One fundamental safety-related work practice is that exposed, live electrical parts must be de-energized before work on or near them is permitted. The only exception to this rule is when a qualified person is available and it is absolutely necessary due to equipment design or operational limitations. If this happens, other work practices must be followed to protect that person. The bottom line is that all of us, including unqualified and qualified persons, must protect ourselves from all potential contact with live electrical parts. Protection may be provided via shielding, insulated tools, or protective electrical gloves and clothing.
To properly isolate electrical energy and prevent exposure to electrical hazards, the system or its parts must be locked or tagged out in accordance with your company Lockout/Tagout Policy.
Lockout is defined as the placement of a lockout or tagout device on an energy-isolating device, such as an electrical disconnect switch, in accordance with a written procedure. This is performed to ensure that the isolating device will be controlled from inadvertent or accidental operation until all employees are safe and the lockout/tagout device is removed.
Regarding work on an electrical system, a lock with a tag must be placed on all disconnecting devices. The lock must be securely attached and locked. The tag must contain a statement prohibiting energization or operation of the equipment and removal of the tag. In addition, a qualified person MUST test the equipment to verify that the circuit elements and parts that are isolated are in fact de-energized. Electrical equipment should never just be presumed to be dead; verification is always necessary. If the electrical system is over 600 volts, the test equipment used by the qualified person must be checked immediately before and after to assure proper operation.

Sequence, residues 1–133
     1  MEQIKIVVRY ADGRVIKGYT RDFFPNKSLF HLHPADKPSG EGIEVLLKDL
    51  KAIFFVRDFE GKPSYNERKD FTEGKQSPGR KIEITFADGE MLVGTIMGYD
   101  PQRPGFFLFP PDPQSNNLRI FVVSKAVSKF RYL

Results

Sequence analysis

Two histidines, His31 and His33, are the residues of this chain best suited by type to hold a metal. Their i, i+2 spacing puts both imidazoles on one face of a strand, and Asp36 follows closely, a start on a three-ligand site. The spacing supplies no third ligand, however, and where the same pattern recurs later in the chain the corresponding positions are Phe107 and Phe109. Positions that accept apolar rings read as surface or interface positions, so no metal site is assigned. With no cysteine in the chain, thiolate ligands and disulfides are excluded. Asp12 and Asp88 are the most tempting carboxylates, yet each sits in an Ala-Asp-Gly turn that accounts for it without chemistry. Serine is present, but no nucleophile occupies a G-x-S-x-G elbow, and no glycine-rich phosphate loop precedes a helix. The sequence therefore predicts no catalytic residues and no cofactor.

A very important safety procedure is the re-energization of electrical disconnect switches. If an electrical malfunction should occur, it is critical that you and other employees are clear of the electrical equipment. Never stand in front of a disconnect switch when you are energizing the circuit. Proper closing or activation of switches means that you always stand to the un-hinged side of the cabinet. Close the switch with your near hand or arm and turn your head away from the cabinet. This is done to reduce the risk of injury in case of a malfunction of the switch starter, which could cause the release of an arc of energy. Although this is a rare occurrence, it can and does happen. If this were to occur, you could be struck by the cabinet door and seriously burned by the intense electrical arc.
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